New financial support for low-income households ordered to self-isolate will also become available from today.
Low-income earners who cannot work from home and lose pay as a result of quarantine will also be eligible for a new £500 Test and Trace Support Payment.
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Health and Social Care Secretary Matt Hancock said: “Anyone can catch coronavirus and anyone can spread it. We all have a crucial part to play in keeping the number of new infections down and protecting our loved ones.
“As cases rise it is imperative we take action, and we are introducing a legal duty to self-isolate when told to do so, with fines for breaches and a new £500 support payment for those on lower incomes who can’t work from home while they are self-isolating.
“These simple steps can make a huge difference to reduce the spread of the virus, but we will not hesitate to put in place further measures if cases continue to rise.”
Local Government Secretary Robert Jenrick said: “Councils across the country are working at pace to set up new self-isolation support payment schemes and ensure people in their communities have the information and advice they need to stay safe and reduce the spread of the virus.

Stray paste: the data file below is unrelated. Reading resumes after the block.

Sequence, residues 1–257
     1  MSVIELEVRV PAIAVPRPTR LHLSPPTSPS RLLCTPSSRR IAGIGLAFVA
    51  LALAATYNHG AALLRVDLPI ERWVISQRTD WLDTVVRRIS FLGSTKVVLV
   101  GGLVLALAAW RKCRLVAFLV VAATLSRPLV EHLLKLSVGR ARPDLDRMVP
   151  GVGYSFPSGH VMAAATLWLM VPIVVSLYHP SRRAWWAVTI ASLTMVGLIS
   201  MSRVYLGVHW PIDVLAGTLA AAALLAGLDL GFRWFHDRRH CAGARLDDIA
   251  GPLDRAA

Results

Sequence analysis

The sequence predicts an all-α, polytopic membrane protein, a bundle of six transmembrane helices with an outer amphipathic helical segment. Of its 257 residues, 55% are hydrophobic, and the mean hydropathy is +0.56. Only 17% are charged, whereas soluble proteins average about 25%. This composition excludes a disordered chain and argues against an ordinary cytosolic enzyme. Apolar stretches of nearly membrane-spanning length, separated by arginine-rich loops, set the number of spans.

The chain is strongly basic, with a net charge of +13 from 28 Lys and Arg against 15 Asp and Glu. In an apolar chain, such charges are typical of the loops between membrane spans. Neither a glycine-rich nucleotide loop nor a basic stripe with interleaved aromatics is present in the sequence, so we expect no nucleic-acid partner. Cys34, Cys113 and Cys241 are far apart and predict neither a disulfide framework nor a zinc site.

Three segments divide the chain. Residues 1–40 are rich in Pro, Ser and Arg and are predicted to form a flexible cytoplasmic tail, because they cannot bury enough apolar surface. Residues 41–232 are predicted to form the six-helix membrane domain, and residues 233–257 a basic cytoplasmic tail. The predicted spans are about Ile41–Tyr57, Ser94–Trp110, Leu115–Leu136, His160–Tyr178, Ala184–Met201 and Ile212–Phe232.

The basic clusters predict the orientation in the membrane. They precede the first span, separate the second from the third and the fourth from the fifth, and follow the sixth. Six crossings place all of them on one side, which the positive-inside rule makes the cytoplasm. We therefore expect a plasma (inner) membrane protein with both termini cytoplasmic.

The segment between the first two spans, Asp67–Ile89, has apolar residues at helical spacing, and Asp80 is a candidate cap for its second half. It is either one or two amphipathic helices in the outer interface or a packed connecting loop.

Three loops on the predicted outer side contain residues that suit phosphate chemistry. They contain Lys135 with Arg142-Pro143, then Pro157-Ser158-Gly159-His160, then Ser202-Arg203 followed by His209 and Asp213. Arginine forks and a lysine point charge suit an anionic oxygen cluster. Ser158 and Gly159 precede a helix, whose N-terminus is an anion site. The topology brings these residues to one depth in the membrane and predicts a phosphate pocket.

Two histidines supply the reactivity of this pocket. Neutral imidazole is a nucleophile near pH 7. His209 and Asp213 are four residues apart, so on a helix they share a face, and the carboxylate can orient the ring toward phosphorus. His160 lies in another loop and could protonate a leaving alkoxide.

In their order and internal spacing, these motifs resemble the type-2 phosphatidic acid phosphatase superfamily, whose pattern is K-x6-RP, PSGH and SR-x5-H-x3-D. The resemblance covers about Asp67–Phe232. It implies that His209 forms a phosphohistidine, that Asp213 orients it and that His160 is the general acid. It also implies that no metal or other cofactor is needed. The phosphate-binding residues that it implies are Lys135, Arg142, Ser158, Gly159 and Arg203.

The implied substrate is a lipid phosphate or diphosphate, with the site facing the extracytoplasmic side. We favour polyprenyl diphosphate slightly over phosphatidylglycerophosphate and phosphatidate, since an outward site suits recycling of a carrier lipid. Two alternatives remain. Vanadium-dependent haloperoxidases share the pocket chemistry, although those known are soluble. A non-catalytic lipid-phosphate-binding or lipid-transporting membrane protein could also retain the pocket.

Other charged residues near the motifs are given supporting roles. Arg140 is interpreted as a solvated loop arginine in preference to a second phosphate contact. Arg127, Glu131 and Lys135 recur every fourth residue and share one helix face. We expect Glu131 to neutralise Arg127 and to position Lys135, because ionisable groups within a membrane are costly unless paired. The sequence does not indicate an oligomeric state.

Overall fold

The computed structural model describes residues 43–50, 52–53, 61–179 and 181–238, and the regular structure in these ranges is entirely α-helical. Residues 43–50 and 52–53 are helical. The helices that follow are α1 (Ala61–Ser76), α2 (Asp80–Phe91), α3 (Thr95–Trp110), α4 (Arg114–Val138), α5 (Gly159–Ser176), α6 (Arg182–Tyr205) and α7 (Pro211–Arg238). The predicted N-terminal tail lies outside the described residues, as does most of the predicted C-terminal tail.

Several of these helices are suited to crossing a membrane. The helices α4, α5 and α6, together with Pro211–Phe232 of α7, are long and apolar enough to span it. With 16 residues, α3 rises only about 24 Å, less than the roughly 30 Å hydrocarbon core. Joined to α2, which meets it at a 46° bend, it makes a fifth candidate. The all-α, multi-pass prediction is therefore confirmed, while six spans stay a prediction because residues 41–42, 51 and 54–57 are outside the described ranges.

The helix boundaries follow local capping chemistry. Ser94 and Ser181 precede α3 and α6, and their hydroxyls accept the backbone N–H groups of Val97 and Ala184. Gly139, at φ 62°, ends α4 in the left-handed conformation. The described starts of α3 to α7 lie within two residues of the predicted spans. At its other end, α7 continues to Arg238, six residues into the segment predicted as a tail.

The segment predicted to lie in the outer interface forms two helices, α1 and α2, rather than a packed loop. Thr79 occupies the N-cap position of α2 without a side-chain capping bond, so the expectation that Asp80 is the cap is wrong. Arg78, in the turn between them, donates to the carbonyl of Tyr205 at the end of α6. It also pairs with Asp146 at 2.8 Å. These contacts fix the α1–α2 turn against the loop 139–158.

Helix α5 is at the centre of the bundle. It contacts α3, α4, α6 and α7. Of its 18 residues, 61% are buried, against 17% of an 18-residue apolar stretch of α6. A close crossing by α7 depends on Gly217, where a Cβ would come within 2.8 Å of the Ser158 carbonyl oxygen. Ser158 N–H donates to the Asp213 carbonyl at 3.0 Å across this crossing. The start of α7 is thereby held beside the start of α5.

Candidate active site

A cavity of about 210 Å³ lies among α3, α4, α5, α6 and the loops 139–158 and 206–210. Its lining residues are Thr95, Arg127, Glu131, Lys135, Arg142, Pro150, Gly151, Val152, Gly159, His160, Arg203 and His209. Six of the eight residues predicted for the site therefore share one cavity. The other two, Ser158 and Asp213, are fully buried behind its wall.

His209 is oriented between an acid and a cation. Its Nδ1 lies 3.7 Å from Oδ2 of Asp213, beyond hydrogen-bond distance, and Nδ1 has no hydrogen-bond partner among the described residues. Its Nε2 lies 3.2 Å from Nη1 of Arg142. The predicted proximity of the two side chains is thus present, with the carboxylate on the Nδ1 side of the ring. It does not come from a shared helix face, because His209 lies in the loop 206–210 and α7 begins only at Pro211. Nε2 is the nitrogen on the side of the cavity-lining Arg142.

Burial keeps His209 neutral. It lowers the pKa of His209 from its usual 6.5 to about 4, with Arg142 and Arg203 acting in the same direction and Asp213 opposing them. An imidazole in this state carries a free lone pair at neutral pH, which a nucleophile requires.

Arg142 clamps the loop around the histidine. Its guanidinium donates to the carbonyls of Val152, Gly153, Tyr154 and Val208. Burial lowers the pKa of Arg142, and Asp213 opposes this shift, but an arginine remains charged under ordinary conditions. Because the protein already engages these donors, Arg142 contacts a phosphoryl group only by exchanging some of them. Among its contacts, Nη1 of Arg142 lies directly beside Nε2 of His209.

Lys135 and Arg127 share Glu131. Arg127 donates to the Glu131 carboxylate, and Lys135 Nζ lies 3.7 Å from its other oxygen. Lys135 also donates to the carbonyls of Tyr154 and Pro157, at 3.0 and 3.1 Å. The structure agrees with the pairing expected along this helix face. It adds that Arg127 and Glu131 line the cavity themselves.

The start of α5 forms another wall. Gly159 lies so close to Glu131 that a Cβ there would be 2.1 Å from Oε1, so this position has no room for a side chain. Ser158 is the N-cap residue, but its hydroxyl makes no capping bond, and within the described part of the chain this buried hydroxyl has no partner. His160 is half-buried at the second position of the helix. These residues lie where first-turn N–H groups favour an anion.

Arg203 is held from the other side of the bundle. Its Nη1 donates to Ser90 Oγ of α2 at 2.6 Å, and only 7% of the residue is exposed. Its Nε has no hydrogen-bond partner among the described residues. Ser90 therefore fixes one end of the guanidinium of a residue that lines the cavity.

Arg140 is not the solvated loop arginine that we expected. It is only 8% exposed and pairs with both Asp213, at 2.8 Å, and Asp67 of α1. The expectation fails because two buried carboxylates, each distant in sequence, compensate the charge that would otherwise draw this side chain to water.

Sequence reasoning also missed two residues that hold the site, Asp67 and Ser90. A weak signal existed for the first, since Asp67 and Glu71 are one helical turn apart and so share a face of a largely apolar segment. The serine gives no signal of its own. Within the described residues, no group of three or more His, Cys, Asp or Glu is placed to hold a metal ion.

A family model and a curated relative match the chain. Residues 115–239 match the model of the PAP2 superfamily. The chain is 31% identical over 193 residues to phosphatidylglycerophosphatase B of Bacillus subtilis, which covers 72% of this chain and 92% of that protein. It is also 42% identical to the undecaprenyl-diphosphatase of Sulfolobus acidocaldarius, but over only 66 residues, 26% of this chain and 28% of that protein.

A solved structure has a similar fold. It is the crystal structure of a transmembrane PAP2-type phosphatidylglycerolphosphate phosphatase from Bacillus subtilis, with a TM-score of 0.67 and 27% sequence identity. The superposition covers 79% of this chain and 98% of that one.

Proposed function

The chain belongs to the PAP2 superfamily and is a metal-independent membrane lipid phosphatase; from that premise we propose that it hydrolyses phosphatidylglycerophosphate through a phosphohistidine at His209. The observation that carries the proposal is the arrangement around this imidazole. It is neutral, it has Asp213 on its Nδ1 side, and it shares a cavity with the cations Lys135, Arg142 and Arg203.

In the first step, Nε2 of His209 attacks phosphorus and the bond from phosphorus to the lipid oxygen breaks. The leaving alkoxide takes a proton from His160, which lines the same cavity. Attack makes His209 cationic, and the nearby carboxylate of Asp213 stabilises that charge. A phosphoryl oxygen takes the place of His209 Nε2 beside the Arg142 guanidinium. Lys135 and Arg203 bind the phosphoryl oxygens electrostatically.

“Since the start of the pandemic councils have played a crucial role in supporting businesses and their communities, and I want to thank them for their hard work as they roll out this new support for those who need to self-isolate.”
Under the new rules coming into force today anyone testing positive for Covid-19 will be required by law to self-isolate for the period ending 10 days after displaying symptoms or after the date of the test, if they did not have symptoms.
Other members of their household must self-isolate for the period ending 14 days after symptom onset, or after the date of the initial person’s positive test.
If someone is instructed to self-isolate by NHS Test and Trace, they are legally required to self-isolate for the period notified by NHS Test and Trace.
Both household and non-household contacts must self-isolate for the full period, regardless of whether they have symptoms and, if they develop symptoms and take a test, regardless of whether any test taken gives a negative result.
Official figures yesterday revealed a further 5,693 lab-confirmed cases of coronavirus in the UK, taking the overall number of cases confirmed to 434,969.
A further 17 people had died within 28 days of testing positive for Covid-19 by yesterday morning, bringing the UK total to 41,988.